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  1. #11

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    FP4+ Grain

    Quote Originally Posted by gainer View Post
    I'm curious to know how to get coarse grain out of FP4+. I use mostly 35 mm and can't find the grain in an 8x10, and I have very good enlarging lenses. Let me in on your secret.
    Some who have used PMK or other pyro soups are not happy with the color of Pyrocat MC. Sandy uses it with good success in printing processes that need UV density. I have used the same recipe as Pyrocat MC, but substituting pyrogallol weight for weight for the catechol, and I use semistand development with no sign of unevenness. I use it 1:1:100 with the same carbonate B as for Pyrocat.
    I think you will like the Pyrocat MC, though. I can't even get grain out of 35 mm HP5+.
    Hi Pat

    Thanks for the feedback. I basically take the negative and look at it with a 10x loupe. There you can really see the grain. Also, I scan the negs with a Howtek 4500 drum scanner and I zoom to see the grain to match the grain to the micron.


    Best Regards,
    Ross

  2. #12

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    Very interesting the variation Pat Gainer suggests.
    I made the same with a perverted Pyrocat with Hydroquinone instead of Pyrocatechin with orange stain....
    Is the negative obteined with this formula similar to PMK or the color of stain is different?
    Developing times are similar to PMK or Pyrocat MC?
    How we could name this new creation? Pyro-Pyro :-)

  3. #13
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    I've been everywhere ooooohhh yeaahhhh still I'm standing tall.
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    Time for some better living through chemistry!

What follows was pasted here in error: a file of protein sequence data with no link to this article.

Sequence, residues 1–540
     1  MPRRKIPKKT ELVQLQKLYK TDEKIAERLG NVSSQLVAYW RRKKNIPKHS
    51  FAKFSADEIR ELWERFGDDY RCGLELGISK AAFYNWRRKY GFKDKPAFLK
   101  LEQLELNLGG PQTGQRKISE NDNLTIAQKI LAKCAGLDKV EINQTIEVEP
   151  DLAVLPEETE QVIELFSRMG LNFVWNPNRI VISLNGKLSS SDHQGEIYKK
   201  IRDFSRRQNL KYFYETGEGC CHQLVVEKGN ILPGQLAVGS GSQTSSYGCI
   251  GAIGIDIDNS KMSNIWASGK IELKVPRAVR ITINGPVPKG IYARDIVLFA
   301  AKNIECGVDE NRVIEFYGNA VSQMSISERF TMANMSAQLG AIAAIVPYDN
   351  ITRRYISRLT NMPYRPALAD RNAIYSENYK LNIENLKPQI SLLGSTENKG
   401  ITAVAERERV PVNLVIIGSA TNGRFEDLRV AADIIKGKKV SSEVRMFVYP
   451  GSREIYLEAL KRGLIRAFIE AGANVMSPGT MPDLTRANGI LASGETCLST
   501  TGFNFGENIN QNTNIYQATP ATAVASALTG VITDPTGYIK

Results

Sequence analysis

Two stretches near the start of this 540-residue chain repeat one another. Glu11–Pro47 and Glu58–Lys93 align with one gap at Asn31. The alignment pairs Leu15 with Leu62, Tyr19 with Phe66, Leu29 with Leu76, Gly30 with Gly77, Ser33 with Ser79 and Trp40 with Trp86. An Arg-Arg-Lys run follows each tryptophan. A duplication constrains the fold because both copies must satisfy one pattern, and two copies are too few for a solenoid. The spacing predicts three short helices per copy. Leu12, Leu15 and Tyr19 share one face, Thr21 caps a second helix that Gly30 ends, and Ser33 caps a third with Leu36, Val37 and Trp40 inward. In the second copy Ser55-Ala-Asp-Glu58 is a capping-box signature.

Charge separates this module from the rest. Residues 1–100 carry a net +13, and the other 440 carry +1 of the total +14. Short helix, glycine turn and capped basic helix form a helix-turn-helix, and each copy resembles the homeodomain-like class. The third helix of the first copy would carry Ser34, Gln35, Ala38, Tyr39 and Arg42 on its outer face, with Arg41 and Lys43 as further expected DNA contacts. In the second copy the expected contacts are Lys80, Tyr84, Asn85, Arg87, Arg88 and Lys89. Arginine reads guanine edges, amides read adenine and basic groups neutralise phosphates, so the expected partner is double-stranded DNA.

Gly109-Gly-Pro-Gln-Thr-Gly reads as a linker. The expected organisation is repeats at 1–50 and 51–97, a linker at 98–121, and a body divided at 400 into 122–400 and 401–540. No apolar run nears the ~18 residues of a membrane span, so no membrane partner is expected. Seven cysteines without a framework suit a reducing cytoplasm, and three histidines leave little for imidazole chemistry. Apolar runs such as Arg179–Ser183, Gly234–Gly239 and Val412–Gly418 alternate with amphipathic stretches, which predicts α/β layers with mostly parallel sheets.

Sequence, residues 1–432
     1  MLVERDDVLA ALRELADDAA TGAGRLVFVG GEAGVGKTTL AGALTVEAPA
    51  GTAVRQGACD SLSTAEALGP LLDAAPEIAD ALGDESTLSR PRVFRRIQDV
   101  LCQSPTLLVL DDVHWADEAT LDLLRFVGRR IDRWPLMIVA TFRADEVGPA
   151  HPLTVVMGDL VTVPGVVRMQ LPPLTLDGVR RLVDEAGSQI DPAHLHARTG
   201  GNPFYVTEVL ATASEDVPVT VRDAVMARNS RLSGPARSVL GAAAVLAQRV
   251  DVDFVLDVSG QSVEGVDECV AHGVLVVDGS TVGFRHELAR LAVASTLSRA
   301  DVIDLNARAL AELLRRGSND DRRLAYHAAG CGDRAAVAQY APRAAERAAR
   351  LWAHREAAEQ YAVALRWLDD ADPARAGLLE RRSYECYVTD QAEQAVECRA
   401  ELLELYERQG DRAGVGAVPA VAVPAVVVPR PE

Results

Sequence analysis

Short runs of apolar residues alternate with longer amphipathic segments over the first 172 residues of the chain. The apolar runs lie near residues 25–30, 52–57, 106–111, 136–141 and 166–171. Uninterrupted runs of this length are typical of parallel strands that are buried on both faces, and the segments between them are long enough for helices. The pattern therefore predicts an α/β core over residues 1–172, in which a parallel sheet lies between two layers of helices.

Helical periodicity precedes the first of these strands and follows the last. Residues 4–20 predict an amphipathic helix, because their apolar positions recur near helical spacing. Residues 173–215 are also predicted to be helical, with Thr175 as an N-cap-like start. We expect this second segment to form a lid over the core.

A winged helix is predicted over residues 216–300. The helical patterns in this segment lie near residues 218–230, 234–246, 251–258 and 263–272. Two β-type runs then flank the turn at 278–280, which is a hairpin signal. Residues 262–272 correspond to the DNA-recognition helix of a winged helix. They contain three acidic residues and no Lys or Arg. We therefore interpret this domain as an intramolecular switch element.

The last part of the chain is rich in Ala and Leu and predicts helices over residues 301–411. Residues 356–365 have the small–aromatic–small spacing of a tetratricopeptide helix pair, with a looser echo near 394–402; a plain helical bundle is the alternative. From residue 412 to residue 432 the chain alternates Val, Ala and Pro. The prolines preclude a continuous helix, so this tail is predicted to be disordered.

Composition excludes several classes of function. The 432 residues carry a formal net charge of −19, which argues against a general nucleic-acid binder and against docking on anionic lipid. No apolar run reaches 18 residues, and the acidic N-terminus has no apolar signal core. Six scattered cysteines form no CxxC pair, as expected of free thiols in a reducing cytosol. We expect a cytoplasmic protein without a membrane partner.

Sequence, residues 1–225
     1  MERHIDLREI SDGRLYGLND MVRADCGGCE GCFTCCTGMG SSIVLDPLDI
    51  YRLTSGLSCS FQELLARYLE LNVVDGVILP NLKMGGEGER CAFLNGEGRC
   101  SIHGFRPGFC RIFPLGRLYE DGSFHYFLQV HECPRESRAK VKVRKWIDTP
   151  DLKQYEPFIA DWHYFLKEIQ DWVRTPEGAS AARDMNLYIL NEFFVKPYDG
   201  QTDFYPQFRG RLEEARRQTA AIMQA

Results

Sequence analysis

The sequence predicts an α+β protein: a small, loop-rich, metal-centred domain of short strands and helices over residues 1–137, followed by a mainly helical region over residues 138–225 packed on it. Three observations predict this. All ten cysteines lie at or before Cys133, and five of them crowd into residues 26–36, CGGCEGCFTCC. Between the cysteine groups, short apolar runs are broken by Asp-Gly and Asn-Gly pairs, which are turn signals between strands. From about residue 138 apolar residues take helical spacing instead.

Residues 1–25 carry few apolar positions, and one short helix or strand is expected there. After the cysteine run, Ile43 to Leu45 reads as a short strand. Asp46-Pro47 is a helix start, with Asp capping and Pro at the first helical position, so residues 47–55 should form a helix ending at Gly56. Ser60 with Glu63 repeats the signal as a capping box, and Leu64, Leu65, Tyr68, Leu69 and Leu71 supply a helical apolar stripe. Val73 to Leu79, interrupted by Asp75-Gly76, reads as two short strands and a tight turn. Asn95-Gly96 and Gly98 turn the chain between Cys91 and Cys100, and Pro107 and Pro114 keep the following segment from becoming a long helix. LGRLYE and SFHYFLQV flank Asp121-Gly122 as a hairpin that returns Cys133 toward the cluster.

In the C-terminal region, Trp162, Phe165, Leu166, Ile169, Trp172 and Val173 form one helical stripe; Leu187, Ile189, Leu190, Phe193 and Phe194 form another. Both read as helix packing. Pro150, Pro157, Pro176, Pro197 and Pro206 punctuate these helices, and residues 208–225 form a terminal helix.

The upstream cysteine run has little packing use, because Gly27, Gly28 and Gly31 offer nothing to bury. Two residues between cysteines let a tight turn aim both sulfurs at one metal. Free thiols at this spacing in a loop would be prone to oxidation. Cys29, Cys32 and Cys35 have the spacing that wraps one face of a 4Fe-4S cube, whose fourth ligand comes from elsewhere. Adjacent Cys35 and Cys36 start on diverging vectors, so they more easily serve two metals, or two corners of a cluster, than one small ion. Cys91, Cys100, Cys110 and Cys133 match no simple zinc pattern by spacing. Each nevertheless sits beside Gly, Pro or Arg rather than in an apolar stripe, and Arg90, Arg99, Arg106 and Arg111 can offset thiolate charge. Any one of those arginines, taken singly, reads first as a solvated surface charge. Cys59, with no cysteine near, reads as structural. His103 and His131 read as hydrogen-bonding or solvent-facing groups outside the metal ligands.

"He took to writing poetry and visiting the elves: and though many shook their heads and touched their foreheads and said 'Poor old Baggins!' and though few believed any of his tales, he remained very happy till the end of his days, and those were extraordinarily long "- JRR Tolkien, ' The Hobbit '.

  4. #14
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    Quote Originally Posted by ongarine View Post
    Very interesting the variation Pat Gainer suggests.
    I made the same with a perverted Pyrocat with Hydroquinone instead of Pyrocatechin with orange stain....
    Is the negative obteined with this formula similar to PMK or the color of stain is different?
    Developing times are similar to PMK or Pyrocat MC?
    How we could name this new creation? Pyro-Pyro :-)
    I just wrote Pyrogal MC on the bottle. The color is like PMK. I use it like Pyrocat with the K2CO3 alkali, usually diluted 1:1:100, and have had no problems with HP5+ developed 24 minutes at 70 F with agitation at 0, 8 and 16 minutes. I have so many versions of Pyrocat in my darkroom that I sometimes have to do eeny miny. My Daddy also taught me to "spitter-spider". He was an English Professor, so knew about such things. You spit a blob in your palm, say the mgic words "Spitter,spitter spider, I'll give you a drinkk of cider if you tell me where my (whatever you're looking for) is." Then with two fingers of the other hand you smak the ball of spit and follow the biggest blob.